This Friday, East County residents, like millions of others across this country, will pause to honor those who have served - past and present - in their nation's armed services.

It's a time to celebrate the men and women who served in war and peacetime, in combat or support services. Locally, we strongly encourage the public to attend the Gresham Veterans Day Parade, which is back for the first time in years, possibly decades, starting at 10:30 a.m. Friday, Nov. 11. The parade starts at East Hill Church, 701 N. Main Ave., and winds through downtown Gresham.

Veterans Day is an important holiday, but this year, as our nation prepares for a new generation of soldiers to return from Iraq and Afghanistan, it's a sobering one.

For while our returning men and women don't face the hostile homecoming that Vietnam vets had to endure, they face their own serious hardships.

Trouble by the numbers

The U.S. Labor Department last month reported the unemployment rate among post-9/11 veterans stands at 12.1 percent, significantly higher than the figure for civilians.

More troubling, the Veterans Department estimates that veterans, who make up 13 percent of the population, represent one-third of the adults who are homeless. On any given night, the VA figures, roughly 131,000 veterans are homeless, including 1,500 veterans from the current wars.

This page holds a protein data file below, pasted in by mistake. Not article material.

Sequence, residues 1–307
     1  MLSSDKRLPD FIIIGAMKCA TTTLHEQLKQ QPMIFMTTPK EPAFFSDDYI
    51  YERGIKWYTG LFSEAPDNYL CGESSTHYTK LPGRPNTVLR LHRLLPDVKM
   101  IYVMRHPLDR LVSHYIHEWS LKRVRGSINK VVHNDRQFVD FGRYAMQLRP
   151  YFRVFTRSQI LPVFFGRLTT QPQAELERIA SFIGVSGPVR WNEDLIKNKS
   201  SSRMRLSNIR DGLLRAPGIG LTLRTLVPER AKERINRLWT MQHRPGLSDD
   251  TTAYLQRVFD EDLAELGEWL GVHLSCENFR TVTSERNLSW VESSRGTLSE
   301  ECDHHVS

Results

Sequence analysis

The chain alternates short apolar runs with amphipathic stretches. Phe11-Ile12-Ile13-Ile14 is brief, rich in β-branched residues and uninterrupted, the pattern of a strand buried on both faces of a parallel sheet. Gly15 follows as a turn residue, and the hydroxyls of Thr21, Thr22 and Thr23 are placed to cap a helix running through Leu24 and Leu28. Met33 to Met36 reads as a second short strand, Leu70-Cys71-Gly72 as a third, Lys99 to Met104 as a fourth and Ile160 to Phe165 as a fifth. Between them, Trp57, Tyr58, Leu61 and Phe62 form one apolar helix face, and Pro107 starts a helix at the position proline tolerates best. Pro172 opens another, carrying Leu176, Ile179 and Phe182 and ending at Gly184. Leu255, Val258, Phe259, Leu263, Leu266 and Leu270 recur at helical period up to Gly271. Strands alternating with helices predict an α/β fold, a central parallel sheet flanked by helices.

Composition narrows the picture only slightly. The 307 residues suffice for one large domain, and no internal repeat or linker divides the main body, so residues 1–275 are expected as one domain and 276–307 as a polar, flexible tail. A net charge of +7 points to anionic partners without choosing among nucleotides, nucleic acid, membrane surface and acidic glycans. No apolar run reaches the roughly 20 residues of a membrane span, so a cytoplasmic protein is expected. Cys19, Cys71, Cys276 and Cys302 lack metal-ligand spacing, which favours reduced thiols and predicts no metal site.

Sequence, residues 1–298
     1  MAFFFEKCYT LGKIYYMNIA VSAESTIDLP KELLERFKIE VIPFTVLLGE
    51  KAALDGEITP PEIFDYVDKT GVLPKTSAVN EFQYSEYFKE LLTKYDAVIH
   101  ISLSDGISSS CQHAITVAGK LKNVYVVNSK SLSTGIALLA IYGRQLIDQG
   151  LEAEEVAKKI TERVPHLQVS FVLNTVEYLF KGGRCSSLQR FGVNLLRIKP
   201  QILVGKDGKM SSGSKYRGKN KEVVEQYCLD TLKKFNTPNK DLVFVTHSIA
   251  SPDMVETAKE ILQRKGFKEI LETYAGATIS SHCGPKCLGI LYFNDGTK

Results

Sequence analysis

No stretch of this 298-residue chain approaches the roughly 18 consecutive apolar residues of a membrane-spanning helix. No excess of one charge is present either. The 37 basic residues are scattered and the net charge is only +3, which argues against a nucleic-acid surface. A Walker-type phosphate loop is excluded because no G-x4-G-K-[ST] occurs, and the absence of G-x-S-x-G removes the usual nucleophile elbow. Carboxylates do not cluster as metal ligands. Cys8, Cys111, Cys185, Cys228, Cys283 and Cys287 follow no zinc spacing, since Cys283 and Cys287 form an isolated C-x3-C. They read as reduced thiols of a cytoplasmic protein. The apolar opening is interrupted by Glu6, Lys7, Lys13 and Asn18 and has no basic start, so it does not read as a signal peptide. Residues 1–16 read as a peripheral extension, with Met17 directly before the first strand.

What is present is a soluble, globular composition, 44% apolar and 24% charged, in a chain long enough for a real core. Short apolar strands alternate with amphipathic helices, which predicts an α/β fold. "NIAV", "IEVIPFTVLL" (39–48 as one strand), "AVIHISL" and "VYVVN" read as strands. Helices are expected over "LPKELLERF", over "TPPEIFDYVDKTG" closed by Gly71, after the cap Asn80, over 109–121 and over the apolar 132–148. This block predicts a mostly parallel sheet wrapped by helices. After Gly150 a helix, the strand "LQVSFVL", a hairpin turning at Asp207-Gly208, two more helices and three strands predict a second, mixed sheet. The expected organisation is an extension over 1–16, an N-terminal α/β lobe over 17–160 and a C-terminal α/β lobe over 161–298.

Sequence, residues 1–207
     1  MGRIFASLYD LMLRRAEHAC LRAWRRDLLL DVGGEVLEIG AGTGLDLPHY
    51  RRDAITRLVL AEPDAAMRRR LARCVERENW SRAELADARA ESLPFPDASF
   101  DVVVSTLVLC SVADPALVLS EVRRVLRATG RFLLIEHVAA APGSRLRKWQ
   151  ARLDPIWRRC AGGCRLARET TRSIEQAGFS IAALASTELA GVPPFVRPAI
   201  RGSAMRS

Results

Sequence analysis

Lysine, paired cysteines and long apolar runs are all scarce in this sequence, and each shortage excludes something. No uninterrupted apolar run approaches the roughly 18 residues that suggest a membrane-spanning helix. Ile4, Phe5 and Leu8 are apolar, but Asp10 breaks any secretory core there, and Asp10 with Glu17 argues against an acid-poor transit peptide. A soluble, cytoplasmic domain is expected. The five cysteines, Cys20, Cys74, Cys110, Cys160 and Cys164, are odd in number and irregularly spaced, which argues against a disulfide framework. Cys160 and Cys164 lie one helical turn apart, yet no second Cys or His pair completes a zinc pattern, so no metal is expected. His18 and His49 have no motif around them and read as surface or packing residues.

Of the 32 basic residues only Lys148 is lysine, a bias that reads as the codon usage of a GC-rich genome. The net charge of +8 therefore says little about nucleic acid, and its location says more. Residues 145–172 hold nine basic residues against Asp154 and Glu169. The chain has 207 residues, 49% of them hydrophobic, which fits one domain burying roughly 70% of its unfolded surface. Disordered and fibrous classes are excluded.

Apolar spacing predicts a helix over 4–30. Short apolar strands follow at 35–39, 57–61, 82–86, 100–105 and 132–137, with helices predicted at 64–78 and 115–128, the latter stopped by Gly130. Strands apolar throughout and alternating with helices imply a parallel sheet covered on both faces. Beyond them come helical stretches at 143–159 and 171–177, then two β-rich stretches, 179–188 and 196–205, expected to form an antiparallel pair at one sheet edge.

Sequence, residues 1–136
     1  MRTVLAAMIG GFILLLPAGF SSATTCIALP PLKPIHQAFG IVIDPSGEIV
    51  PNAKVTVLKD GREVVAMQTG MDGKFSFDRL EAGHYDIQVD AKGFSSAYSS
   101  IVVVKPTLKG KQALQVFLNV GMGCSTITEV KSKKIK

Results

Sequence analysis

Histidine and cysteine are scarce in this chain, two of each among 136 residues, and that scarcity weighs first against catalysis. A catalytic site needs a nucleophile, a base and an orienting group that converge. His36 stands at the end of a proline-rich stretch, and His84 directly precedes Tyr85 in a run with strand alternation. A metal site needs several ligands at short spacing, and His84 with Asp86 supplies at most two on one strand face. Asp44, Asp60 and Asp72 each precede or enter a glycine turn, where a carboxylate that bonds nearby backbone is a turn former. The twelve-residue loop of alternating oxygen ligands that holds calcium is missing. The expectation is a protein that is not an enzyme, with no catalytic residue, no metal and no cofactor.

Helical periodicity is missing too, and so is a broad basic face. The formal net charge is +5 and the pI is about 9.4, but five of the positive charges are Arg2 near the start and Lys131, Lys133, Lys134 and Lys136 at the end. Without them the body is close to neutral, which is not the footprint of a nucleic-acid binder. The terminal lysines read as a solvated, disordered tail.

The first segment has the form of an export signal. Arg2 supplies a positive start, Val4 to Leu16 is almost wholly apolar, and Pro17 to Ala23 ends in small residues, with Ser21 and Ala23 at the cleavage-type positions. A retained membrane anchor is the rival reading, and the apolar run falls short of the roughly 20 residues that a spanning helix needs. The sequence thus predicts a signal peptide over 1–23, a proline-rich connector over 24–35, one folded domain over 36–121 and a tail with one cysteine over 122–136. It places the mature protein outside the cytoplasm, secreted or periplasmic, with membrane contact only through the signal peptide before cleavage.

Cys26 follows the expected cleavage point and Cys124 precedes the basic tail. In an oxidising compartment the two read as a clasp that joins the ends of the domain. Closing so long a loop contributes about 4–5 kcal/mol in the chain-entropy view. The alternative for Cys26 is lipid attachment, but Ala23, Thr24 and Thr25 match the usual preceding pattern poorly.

And while the numbers are less precise, the VA has said an estimated 20 percent of all suicide victims in the United States are veterans, and a study by calculated that in 2009, nearly 2,000 veterans from the Iraq and Afghanistan wars attempted to take their own lives.

There are similar disparities for substance abuse, domestic violence and mental illness. At some point the numbers are numbing.

The sobering truth is this: The people who risked their lives for a safe and secure America are returning home to a less-than-certain future.

Veterans groups have been talking about this for years, and finally, it seems, they have someone at the top who is listening.

Someone cares

Last year Gen. Eric Shinseki, President Obama's secretary of Veterans Affairs, vowed to lead a national drive to end veteran homelessness in the next five years.

He also ponied up $3.2 billion to bolster programs to provide housing, education, jobs and health care to help troubled veterans before they hit the streets and aid the transition of 40,000 veterans released each year from prisons.

Meanwhile, Obama's proposed tax breaks for companies that hire unemployed or disabled veterans is expected to clear the U.S. Senate this week.

Closer to home, we are grateful for the stand down events - such as the one held Oct. 15 in Troutdale - where veterans had the opportunity to connect with counselors; tap into area resources to help veterans; receive health screenings; and register with the Veterans Administration Hospital.

The ceremonies and parades held on Veterans Day are important, and we should gather Friday to pay tribute to these former soldiers.

But once the crowds have disappeared and the holiday observance comes to an end, veterans will still struggle to find work and to cope with post-traumatic stress disorder.

So let's gather Friday to pay tribute to these former soldiers, but let's also commit to meaningful, year-round support of these true American heroes.

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